An advantage of the present invention is a contact network is provided where each recipient who forwards, commits or responds in any way, sets up their own personalized account. Such allows sponsors to easily collect and track new email addresses and campaign data, thus creating a valuable re-contact and tracking tool.

Another advantage of the present invention is that a contact network is provided that automates and leverages Candidate Referral Programs. Messages are personal, dynamic, actionable, and customizable rich-text HTML emails which can include graphics, animation files, colors, and unique incentive management capabilities.

A still further advantage of the present invention is that a contacts networking technology is provided with individual account access for each participant, automated incentive creation and management, embedded email address manager, viral forwarding functionality, ability to automatically refer a candidate, resume storage and handling, directory service to locate current email addresses, real time referral tracking for all responses, multi-level organization admin features, auto non-duplicate email detection and handling, etc.

Another advantage of the present invention is that a contact network is provided that allows an employer, recruiter or sponsor to set up their own campaigns, e.g., naming the campaign, its duration, the position description or marketing message, etc. An administrator decides the starting and any ending dates of the campaign. If the employer wishes to include a bonus to encourage membership recruitment, they can select a rule from standard challenge rules provided, and then separately define the rule parameters.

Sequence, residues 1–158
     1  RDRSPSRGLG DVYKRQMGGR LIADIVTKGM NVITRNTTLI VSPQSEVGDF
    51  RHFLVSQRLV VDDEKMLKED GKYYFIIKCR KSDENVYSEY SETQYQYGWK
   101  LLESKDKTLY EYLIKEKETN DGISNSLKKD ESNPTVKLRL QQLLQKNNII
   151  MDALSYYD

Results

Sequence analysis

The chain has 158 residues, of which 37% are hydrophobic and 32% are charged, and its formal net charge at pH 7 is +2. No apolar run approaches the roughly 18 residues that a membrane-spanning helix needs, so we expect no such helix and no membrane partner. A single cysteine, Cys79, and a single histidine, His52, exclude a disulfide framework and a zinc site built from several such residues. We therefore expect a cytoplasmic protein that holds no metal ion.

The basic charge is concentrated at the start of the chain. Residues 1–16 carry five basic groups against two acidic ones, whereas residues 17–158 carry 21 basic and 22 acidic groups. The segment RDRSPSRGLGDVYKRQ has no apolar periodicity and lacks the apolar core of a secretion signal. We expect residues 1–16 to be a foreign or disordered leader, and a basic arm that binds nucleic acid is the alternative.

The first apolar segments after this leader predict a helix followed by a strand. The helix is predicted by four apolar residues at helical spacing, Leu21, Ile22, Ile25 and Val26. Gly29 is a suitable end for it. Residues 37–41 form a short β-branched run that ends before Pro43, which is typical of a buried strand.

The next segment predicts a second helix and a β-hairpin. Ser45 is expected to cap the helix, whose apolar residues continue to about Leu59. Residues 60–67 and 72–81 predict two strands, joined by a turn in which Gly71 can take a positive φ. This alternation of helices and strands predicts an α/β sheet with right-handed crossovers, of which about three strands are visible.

A further advantage of the present invention is that a contact network is provided with incentive methods that include a direct bonus, where a one-time bonus is awarded to the person directly responsible for fulfilling the campaign goal, or allowing the referral agents to share the bonus, where users may elect to share all or part of the provided bonus with their contacts as incentive for campaign participation. Incentives can be structured in any units as defined by the employer within the application, e.g., dollars, time off, points, coupons, volunteer hours, etc.

The above and still further objects, features, and advantages of the present invention will become apparent upon consideration of the following detailed description of specific embodiments thereof, especially when taken in conjunction with the accompanying drawings.

BRIEF DESCRIPTION OF THE DRAWINGS

FIG. 1 is a functional block diagram of a contacts networking technology system embodiment of the present invention;

FIG. 2 is a functional block diagram of a PHP implementation of a part of the system in FIG. 1;

FIG. 3 is a dataflow diagram of a tracking engine useful in a recruiting incentive example of the system of FIG. 1;

FIG. 4 is a functional block diagram of an incentives engine useful in a recruiting incentive example of the system of FIG. 1;

FIG. 5 is a flowchart diagram a privacy process embodiment of the present invention; and

FIG. 6 is a flowchart diagram a shared incentive process embodiment of the present invention.

DETAILED DESCRIPTION OF THE INVENTION